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Not to be confused with Is my OS 32-bit or 64-bit.

This one is very simple, tell me whether or not my CPU supports 64-bit instructions. If my CPU supports 32-bit instructions, print '32', if my CPU supports 64 bit instructions, print '64', if my processor naitively supports other lengths of instructions, print 'other'.

Your program must run on both 32 and 64-bit instruction modes, and if interpreted run properly on both 32 and 64-bit interpreters.

Test cases:

Arch: x86, i386, i686, RiscV32
Output: '32'

Arch: x86-64, x64, x86_64, RiscV64
Output: '3264'

Arch: R700
Output '32other'

The usual rules apply.

Best of luck!

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    \$\begingroup\$ I don't think this should be tagged as a decision-problem, since there are more than 2 possible answers. (Although both the title and the 1st sentence of the description suggest that it's a "yes/no" kind of problem.) \$\endgroup\$ – Arnauld Sep 10 '20 at 14:28
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    \$\begingroup\$ Sure, but it's not a decision-problem anymore as defined in computability theory. \$\endgroup\$ – Arnauld Sep 10 '20 at 14:46
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    \$\begingroup\$ Is that the full list of inputs we're expected to handle and is there any flexibility in the output? \$\endgroup\$ – Shaggy Sep 11 '20 at 0:50
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    \$\begingroup\$ I don't think any of the existing answers ever print other, maybe you should consider removing that requirement. \$\endgroup\$ – Jonathan Allan Sep 11 '20 at 11:56
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    \$\begingroup\$ @user253751 yes \$\endgroup\$ – tuskiomi Sep 15 '20 at 19:27
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Bash + coreutils, 33 25 bytes

lscpu|grep -Po '..(?=-b)'

Don't try it online! Won't work because the TIO sandbox doesn't support lscpu. Edit: Saved 8 bytes thanks to @DigitalTrauma.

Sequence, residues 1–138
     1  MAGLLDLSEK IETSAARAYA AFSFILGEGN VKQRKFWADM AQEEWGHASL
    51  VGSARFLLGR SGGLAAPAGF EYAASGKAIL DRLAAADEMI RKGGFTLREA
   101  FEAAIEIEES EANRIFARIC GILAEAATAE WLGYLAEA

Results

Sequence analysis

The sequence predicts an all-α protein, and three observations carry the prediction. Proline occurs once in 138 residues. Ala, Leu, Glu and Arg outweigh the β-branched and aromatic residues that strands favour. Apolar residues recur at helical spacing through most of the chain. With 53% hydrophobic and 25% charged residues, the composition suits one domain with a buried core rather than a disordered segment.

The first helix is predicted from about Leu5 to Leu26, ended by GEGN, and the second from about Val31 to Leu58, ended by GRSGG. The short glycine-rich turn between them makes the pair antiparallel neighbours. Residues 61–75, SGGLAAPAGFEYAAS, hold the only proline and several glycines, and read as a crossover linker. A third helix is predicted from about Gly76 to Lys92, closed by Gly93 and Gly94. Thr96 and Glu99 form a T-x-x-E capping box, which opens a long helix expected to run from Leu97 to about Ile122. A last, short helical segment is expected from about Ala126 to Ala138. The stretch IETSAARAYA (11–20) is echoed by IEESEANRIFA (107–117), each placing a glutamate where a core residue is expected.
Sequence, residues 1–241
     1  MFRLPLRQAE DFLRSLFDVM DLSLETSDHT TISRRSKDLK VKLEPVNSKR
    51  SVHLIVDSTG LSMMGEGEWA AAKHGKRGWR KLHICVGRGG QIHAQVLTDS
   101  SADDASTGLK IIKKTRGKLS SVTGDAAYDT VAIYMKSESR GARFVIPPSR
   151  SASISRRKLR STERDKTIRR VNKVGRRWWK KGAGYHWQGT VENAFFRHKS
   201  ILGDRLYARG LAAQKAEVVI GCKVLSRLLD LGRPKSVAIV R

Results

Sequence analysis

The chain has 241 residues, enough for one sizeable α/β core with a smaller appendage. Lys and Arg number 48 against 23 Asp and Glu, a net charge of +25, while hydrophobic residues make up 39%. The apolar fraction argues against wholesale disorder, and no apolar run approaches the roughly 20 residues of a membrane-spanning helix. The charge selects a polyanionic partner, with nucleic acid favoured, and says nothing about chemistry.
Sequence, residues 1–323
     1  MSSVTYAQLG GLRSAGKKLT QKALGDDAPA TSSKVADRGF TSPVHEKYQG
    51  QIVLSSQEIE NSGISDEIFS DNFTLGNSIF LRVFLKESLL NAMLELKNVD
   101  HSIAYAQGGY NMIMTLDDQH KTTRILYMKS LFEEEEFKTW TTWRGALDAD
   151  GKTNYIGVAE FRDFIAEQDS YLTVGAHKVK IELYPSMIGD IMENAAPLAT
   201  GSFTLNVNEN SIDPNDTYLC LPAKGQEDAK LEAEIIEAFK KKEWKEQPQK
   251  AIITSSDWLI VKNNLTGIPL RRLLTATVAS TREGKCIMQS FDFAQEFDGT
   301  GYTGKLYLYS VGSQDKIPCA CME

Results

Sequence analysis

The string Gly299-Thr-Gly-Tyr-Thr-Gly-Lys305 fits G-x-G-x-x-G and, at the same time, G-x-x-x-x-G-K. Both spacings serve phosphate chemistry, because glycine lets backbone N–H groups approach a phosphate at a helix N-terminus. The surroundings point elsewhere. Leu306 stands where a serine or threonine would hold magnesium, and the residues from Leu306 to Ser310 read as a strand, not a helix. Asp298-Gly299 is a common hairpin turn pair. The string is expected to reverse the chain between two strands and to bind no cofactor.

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  • \$\begingroup\$ it even works on RISC-V Debian! \$\endgroup\$ – tuskiomi Sep 10 '20 at 15:10
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    \$\begingroup\$ That's Linux specific, isn't? lscpu isn't present on all OSses, not even all Unices. \$\endgroup\$ – Abigail Sep 10 '20 at 15:20
  • \$\begingroup\$ @Abigail I'd still say it's legal, as it's interpreted, and it runs properly for 32 or 64 bit linux \$\endgroup\$ – tuskiomi Sep 10 '20 at 15:29
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    \$\begingroup\$ @tuskiomi I'm pretty sure what Abigail meant was that the title of the post isn't correct. I'd guess it should say something like Bash + coreutils on Linux, at the very least. I'm not sure if there's a better name or way to identify what contains this command. \$\endgroup\$ – FryAmTheEggman Sep 10 '20 at 16:30
  • \$\begingroup\$ Use grep's PCRE flag to obviate the need for sed: lscpu|grep -Po '..(?=-bit)' \$\endgroup\$ – Digital Trauma Sep 10 '20 at 16:49
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Rust, 45 bytes

||if std::usize::MAX>4294967295{3264}else{32}

Try it online! (Cross compile for 32-bit locally by installing a toolchain for i686. For example: stable-i686-pc-windows-msvc)

Can't really test this on any architectures that support "other" lengths of instructions, but this can be used to check for 32-bit or 64-bit architectures. This is shorter than the built-in way using cfg!(target_pointer_width="64").

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  • \$\begingroup\$ Does not work. This is 3264 when compiled as 32-bit on a 64-bit processor. \$\endgroup\$ – user253751 Sep 15 '20 at 13:34
  • \$\begingroup\$ @user253751 Can you share what steps you took to compile for 32-bit? The documentation for usize states that the actual size of usize is based on the pointer size. It was working for me fine when I targeted i686, but I'm not completely sure how to target 32-bit aside from that. \$\endgroup\$ – TehPers Sep 15 '20 at 16:48
  • \$\begingroup\$ Oops, I meant to say the correct output would be 3264 and this outputs 32. I did not run it, but it is obvious by inspection... \$\endgroup\$ – user253751 Sep 15 '20 at 16:56
  • \$\begingroup\$ @tuskiomi Can you clarify what should happen if your code is cross-compiled? Currently my solution works if you target the architecture you're on, but assumes the target architecture if you cross-compile. \$\endgroup\$ – TehPers Sep 15 '20 at 17:22
  • \$\begingroup\$ it seemed pretty clear to me. "If my CPU supports 64 bit instructions". NOT "If the program contains 64 bit instructions" \$\endgroup\$ – user253751 Sep 15 '20 at 18:24

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